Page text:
Um, I can't support evidence of a negative, hence, if something doesn't exist, I can't show you tangible evidence of such, because it doesn't exist. So, you are going to have to supply some evidence of a macroevoultionary process.
Let me remind you of the assertion you made that I'm asking you to support:
quote:
And being that we see all forms appearing abruptly, both in the fossil record and living creatures,
Again, where do you see forms appearing abruptly in living creatures? This is a positive assertion that requires support.
NJ writes:
The plain fact remains that in more conventional depictions of alleged transitional forms, we still find everything fully formed. We find no organisms in any kind of evolutionary limbo.
And this is exactly what evolutionary theory would predict. Only in creationist strawman parodies of the theory do we expect transitionals that aren't "fully formed."
Chiroptera covered the cladistics issue pretty well, so I'll just pick a couple of things here:
NJ writes:
And if you believe in the typical, stepwise fashion of evolution, then where does that place punctuated equilibrium? Doesn't one bring the other into disrepute?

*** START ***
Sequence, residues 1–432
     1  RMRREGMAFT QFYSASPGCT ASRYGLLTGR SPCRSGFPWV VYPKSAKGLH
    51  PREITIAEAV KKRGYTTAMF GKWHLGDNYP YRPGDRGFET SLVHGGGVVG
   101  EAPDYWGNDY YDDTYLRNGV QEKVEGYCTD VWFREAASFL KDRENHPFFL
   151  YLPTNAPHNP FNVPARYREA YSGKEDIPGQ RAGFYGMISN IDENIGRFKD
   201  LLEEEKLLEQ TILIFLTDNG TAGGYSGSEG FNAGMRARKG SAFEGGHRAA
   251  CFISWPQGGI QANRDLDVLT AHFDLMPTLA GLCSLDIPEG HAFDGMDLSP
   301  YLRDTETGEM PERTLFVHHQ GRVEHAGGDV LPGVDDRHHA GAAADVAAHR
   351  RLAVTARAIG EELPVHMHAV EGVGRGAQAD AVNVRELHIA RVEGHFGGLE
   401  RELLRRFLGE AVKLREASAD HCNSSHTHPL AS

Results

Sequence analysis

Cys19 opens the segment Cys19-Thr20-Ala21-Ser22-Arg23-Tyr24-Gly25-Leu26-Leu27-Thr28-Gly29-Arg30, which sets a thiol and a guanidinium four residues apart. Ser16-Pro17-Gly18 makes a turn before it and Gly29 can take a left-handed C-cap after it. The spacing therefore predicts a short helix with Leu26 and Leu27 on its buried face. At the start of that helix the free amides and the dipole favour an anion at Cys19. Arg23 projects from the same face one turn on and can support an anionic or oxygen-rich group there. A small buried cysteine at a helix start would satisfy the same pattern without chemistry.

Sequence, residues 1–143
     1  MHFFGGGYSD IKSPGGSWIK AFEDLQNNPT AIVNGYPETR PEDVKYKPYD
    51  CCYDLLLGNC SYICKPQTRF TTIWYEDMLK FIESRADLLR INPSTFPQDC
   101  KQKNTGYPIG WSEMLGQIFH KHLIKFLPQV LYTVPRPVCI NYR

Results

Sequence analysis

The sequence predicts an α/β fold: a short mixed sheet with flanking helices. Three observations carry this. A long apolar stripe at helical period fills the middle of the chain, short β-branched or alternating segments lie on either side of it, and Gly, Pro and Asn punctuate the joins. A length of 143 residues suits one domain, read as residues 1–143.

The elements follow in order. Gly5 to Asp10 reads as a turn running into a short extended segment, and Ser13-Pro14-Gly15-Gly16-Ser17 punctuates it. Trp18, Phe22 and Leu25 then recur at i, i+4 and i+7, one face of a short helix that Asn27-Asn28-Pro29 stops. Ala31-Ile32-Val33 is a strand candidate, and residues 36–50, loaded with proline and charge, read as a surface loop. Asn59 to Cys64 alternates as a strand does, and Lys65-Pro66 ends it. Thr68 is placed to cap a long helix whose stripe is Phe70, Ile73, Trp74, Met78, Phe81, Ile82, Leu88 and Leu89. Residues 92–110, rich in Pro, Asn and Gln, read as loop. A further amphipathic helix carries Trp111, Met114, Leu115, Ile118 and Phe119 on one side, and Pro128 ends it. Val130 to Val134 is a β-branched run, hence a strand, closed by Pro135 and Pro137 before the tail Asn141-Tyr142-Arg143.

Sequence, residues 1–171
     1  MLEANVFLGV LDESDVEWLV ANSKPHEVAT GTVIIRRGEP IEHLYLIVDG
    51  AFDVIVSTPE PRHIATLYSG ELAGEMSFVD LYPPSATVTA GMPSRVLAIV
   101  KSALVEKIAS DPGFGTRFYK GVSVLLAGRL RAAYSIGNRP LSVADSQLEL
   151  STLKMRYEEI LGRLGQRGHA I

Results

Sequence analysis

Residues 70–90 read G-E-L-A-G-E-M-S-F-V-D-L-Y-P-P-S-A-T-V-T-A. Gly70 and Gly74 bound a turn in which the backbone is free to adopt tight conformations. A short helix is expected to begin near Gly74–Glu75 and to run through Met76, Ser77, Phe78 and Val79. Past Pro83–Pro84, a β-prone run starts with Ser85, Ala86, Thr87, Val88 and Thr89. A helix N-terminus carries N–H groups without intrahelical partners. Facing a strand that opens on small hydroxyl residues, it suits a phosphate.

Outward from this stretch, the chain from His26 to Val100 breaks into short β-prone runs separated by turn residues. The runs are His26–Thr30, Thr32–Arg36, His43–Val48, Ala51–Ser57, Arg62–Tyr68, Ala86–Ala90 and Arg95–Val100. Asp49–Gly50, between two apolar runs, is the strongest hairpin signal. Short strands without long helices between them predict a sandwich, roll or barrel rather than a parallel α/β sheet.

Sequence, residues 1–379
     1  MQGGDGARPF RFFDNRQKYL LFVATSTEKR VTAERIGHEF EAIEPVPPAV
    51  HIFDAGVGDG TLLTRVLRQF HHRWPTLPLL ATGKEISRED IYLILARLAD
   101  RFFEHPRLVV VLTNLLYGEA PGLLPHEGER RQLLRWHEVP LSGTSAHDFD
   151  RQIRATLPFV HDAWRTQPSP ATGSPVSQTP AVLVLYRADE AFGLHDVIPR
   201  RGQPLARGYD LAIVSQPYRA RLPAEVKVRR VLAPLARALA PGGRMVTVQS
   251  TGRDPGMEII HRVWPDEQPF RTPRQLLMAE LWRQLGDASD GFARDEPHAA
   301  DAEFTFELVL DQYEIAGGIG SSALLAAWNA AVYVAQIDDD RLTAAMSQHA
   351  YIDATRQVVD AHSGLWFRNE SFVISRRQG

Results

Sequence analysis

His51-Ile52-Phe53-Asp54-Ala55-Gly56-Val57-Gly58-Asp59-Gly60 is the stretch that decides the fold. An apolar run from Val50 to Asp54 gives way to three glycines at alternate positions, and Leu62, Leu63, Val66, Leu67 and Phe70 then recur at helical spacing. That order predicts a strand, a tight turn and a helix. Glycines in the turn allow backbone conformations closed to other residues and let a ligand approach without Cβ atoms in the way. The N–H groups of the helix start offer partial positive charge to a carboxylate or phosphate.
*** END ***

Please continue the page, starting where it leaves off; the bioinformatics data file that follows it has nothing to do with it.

No. Like our friend Mr.Matrix, you don't understand punctuated equilibria. PE also uses stepwise changes - it is NOT calling for huge leaps between single generations, the so-called "hopeful monsters" of saltationism. What PE says (in a simplified nutshell) is that when the environment that a population finds itself in remains relatively constant, that population will tend to find itself at a relative evolutionary equilibrium, with any changes being small and slow. When there is a major change in the environment (changing the factors that are naturally "selecting" in the environment), evolutionary changes are more likely to occur (and so is extinction). Therefore, you have long periods of relatively little change (equilibria), "punctuated" with periods of relatively rapid change, corresponding with a change in environment.